Keeping Safe Online


Almost all of our pupils use the Internet at home and we know that, as parents, it can be difficult to allow children the freedom to develop as responsible individuals while protecting them from the perils and pitfalls of the Internet. Increasingly, even at primary school age, younger people are conducting their social life online so parents need to provide guidance to make sure that their children behave safely and responsibly. Please help your children by following these key recommendations:
  • Talk regularly with your children about their use of technology and how they communicate with people online
  • Keep computers and other web-enabled devices in family rooms
What to tell your children

At school, we educate children about eSafety in ICT lessons but it’s important that parents know some key eSafety tips too. Please remind your children of the following:
  • Don’t post too much information about yourself online
  • Only message or chat to people that you know in real life
  • Think very carefully before posting photos and makes sure you have permission
  • Always be friendly
  • If something online makes you feel uncomfortable, get your parents or teacher
    • Talk to your parents and respect your family’s rules for internet use
 To view the school policies on e-safety please click here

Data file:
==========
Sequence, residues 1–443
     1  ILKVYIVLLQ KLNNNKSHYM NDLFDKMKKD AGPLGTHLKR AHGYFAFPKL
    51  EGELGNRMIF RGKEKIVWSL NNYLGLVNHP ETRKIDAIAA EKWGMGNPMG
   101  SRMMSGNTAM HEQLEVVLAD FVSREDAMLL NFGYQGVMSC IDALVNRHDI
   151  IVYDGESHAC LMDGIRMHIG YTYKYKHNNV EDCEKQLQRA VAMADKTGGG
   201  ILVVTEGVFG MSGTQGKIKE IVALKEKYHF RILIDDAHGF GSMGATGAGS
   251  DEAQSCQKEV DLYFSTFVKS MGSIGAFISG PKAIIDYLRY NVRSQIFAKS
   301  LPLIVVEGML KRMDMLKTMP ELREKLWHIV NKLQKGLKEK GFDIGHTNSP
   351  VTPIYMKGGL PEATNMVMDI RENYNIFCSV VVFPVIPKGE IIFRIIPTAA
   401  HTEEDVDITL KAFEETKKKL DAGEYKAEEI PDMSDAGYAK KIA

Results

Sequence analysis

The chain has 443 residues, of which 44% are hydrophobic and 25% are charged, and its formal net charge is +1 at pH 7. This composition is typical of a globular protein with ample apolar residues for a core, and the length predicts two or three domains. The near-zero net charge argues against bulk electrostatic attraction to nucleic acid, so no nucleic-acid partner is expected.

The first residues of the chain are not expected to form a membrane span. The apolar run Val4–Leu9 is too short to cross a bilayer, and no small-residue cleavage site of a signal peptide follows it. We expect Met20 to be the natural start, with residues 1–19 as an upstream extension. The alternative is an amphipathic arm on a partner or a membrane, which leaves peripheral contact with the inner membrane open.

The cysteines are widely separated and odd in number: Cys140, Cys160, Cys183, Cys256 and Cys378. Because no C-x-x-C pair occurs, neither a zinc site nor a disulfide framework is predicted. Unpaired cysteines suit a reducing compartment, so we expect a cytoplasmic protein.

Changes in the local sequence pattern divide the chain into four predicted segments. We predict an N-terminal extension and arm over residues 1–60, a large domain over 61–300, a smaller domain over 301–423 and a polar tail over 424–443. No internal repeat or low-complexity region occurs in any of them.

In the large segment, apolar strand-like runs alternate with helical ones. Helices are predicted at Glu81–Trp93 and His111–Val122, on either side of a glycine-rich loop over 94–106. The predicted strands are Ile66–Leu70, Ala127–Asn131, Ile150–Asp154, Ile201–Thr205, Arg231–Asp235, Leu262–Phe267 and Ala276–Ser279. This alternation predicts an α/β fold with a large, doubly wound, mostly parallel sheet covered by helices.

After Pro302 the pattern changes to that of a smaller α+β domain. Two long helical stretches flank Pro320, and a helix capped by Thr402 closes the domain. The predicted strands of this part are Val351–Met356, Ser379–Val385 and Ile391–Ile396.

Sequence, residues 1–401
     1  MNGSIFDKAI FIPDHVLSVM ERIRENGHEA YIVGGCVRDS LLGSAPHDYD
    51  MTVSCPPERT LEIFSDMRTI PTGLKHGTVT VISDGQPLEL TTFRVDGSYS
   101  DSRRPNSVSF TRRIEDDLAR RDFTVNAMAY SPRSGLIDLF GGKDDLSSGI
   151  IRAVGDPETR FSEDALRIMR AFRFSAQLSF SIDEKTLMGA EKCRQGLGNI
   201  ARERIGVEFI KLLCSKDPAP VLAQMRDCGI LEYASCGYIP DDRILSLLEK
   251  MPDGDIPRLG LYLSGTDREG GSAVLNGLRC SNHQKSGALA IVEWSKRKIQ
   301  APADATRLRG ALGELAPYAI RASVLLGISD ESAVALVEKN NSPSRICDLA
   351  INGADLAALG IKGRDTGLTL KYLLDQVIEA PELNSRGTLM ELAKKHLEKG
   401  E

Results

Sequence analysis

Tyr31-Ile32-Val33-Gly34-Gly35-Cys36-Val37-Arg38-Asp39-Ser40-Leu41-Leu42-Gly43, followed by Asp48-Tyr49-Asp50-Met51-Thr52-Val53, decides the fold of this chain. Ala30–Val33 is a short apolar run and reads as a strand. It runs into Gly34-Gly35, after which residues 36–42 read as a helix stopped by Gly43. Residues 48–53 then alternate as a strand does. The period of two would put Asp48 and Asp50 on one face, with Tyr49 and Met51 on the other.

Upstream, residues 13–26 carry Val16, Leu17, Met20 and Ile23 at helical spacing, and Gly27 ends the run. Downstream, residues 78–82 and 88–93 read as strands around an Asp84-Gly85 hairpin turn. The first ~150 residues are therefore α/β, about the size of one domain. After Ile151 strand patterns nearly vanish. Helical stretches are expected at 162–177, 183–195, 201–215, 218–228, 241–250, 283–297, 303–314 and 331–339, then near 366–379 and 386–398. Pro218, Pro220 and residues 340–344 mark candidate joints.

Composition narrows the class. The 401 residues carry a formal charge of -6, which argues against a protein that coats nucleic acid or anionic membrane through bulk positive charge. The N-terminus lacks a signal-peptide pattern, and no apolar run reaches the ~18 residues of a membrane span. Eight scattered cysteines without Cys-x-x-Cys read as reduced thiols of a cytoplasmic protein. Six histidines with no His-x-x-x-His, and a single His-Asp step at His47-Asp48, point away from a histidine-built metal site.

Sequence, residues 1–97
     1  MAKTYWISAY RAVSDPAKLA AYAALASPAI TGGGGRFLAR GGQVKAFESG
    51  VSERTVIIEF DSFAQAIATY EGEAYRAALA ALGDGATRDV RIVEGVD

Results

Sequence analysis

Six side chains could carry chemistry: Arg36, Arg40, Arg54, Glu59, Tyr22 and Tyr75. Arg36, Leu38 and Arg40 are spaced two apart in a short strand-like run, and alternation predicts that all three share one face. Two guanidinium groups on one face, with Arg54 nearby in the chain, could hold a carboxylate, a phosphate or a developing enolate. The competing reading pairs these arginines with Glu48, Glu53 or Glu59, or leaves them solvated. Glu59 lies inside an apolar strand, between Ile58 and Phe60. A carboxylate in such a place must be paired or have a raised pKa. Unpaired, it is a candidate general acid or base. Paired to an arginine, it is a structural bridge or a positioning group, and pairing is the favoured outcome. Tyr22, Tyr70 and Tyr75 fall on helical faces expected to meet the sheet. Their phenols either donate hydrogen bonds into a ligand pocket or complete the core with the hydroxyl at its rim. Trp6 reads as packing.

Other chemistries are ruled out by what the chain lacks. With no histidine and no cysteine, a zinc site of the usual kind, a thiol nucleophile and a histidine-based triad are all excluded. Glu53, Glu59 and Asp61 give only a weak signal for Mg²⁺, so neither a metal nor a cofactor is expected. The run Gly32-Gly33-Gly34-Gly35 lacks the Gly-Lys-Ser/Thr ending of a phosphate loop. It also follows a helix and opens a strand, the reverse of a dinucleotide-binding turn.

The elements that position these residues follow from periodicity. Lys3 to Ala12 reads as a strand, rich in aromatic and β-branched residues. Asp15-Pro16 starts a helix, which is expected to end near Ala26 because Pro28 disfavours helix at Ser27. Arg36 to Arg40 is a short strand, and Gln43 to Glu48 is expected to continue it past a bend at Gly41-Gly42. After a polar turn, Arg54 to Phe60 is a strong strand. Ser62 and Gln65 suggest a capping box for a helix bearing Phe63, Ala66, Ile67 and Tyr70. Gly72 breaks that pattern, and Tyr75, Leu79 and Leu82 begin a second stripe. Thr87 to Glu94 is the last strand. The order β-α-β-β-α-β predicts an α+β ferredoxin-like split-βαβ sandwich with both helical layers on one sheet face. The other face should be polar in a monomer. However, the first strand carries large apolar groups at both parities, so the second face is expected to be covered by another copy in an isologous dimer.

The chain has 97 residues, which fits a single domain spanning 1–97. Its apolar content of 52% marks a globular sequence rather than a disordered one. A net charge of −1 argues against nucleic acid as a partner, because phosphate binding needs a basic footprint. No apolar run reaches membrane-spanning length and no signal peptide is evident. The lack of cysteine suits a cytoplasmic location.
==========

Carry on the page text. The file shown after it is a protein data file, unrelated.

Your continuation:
Mobile Devices (iPods, iPads, etc)

Most of our pupils have their own iPods, iPads, Android Tablets or other devices. This means they also have access to the internet including social networks, text and video chat.
  • Consider setting Parental Restrictions
  • Consider taking devices away at bedtime
Social Networking (Facebook, Twitter etc)

If you can, stick to age appropriate websites. Social networks like Facebook and Twitter require users to be older than 13 to have a profile, but younger children set up accounts anyway. Social networks keep children connected to friends and provide a space for self-expression but there are no guarantees of privacy: anything can be shared.
  • Parents must take responsibility for underage use of social networks
  • Privacy settings should, if possible, be restricted to Friends only
  • Children should not post too much information about themselves

 Online Behaviour

All messages should be friendly and not critical of others. It can be easy to misinterpret the tone and meaning of on-screen communications and children, in particular, should always check messages before hitting the send button.

Issues arising from upsetting communications can sometimes spill over into school. Where this occurs we will work with parents and pupils to resolve the issues and reinforce the importance of appropriate behaviour.